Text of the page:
Kind of like a preacher, isn't it? A preacher pours out the innermost depth of her soul into every phrase of her sermon. A preacher studies, looks, prays, listens, studies some more, then lays bare her representation of reality for the congregation who has come to worship. Bold colors, subtle brush strokes, the interplay of light and shadow, all are painted onto the sermon's canvas with the skill and passion of a creative mind and an artist's eye. The most personal gift given by the preacher's Creator, exposed to the casualest of observers.
Then she steps away. Tired and sweating, she leaves the sermon there in the middle of the sidewalk, where malicious vandal or errant gust of wind may find it. What a risk she took! What trust! The preacher cannot guard with jealousy every jot and tittle of sermonic pronouncement. She must step away, and allow the words to sit in the air.
Maybe someone will come by with a camera.
Then again, maybe not.
Then the painting is gone, and the preacher gets started on the next.

Friday, January 20, 2006

Happy Birthday Me!

Well, everyone, Enter the Rainbow is one year old as of this week. Click here to read the first post I wrote.

Clip Art Gone Awry

You gotta check this out: click here.

Disciple Making - Leave Your Nets!

For two weeks now, the lectionary has led us to consider stories of people being called to follow Christ. Last week it was John 1:43-51, where Philip and Nathanael get the call. This week we are reading Mark 1:14-20, in which Simon, Andrew, James, and John are invited to follow. It is one of the functions of the church to continue this ministry of making disciples of Jesus Christ. What does that look like in today's world?

Too often, deciding to "follow Jesus" merely involves quitting all of your bad habits and adopting new, good habits. When we die to our old life in order to be born anew in Christ, we tend to consider that old life as comprised of all the nasty stuff we want to eliminate - partying all night, smoking, sleeping around, cursing, drinking too much, etc. We leave that stuff behind and give ourselves to Jesus, as if Jesus is some divinely sanctioned self-help program.

But what was so bad about the lives of Philip, Nathanael, and the four fishermen? It is likely that they had a few bad habits, to be sure, but the scripture does not mention this. No, these are not examples of quitting the bad stuff in order to start living right. The disciples are invited to leave their perfectly fine, good, healthy lives and follow Jesus. Nathanael is affirmed as a person "in whom there is no deceit." He is a good person who is invited to leave it behind. Simon and Andrew are fishing, like they did every day, and they leave their nets (not their bad habits, notice), to follow him. James and John are working the family business with Zebedee, whom they leave behind (their own FATHER) in order to follow Jesus.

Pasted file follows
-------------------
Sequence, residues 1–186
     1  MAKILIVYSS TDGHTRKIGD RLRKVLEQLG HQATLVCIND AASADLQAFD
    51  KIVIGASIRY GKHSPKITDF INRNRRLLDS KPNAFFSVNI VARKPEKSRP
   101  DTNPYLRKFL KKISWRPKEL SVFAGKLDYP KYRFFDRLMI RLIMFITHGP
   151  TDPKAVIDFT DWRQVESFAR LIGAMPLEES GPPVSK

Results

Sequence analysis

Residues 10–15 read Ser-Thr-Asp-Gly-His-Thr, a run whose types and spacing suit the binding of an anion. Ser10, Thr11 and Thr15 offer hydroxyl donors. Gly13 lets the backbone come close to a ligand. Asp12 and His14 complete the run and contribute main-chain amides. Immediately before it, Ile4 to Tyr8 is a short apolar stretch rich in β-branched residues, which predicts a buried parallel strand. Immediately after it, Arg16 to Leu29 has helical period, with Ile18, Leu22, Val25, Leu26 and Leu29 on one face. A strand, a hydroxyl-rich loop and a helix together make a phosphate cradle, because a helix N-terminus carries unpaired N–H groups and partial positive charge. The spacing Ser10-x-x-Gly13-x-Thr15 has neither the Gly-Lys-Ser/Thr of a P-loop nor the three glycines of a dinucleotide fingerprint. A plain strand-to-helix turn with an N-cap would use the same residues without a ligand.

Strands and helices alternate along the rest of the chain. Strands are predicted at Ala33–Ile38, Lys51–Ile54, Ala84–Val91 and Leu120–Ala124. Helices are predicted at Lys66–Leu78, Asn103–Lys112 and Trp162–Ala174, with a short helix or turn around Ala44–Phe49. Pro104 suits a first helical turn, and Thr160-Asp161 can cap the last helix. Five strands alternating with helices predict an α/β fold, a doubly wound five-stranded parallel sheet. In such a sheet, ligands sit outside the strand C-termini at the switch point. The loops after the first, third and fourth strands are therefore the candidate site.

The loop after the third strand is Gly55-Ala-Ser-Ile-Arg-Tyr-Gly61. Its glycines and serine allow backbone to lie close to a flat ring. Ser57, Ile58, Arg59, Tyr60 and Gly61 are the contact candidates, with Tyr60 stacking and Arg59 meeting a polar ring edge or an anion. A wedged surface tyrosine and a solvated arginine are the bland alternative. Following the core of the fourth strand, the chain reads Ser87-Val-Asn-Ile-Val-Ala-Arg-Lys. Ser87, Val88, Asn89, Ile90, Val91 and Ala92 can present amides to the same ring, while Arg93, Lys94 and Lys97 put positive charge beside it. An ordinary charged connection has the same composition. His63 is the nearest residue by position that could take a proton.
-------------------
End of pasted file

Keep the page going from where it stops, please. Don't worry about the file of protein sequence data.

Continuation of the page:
The point is not that we just give up the BAD stuff to follow Jesus; the point is to give up the GOOD stuff, too! Let's not minimize the demands of Christian discipleship by reducing it to a method for personal improvement. Accepting Christ into your life CAN eliminate all that "bad stuff," but the person who comes to Jesus based on that foundation has built a shaky house, indeed. The moment the temptation and opportunity to engage in that "bad stuff" arise again, Jesus leaves the scene.

John Wesley encouraged Methodists to pray as a part of the renewal of the covenant,
"I am no longer my own, but thine....
Let me be employed by thee or laid aside for thee,
exalted for thee or brought low for thee.
Let me be full, let me be empty.
Let me have all things, let me have nothing.

I freely and heartily yield all things to thy pleasure and disposal."

The point being, give it ALL over to God, not just the "bad stuff." I'm not sure the church is doing such a great job in communicating that message to the world. "And immediately they left their nets and followed him." All of us are at heart just regular folks trying to live our lives as best as possible. It is into these regular lives of these regular folks that Jesus comes and says, "Follow me."

P.S. - (This little extra bit seems to fit in somewhere, but I couldn't make it flow into the rhythm of the post above. Enjoy this bonus material at no extra charge!):
I think U2 is onto something with their song "Walk On." On the journey into life, "the only baggage you can bring is all that you can't leave behind." And then there is a list of all of the things that you can and should leave behind: "All that you fashion. All that you make. All that you build. All that you break. All that you measure. All that you steal. All this you can leave behind. All that you reason. All that you sense. All that you speak. All that you dress up. All that you scheme..." That doesn't leave very much, does it?

Monday, January 16, 2006

Martin Luther King's Legacy: Brownback Doesn't Quite Get It

Senator Sam Brownback wrote a guest column in the Kansas City Star today giving homage to Martin Luther King, Jr. (This, by the way, is the new definition of irony.)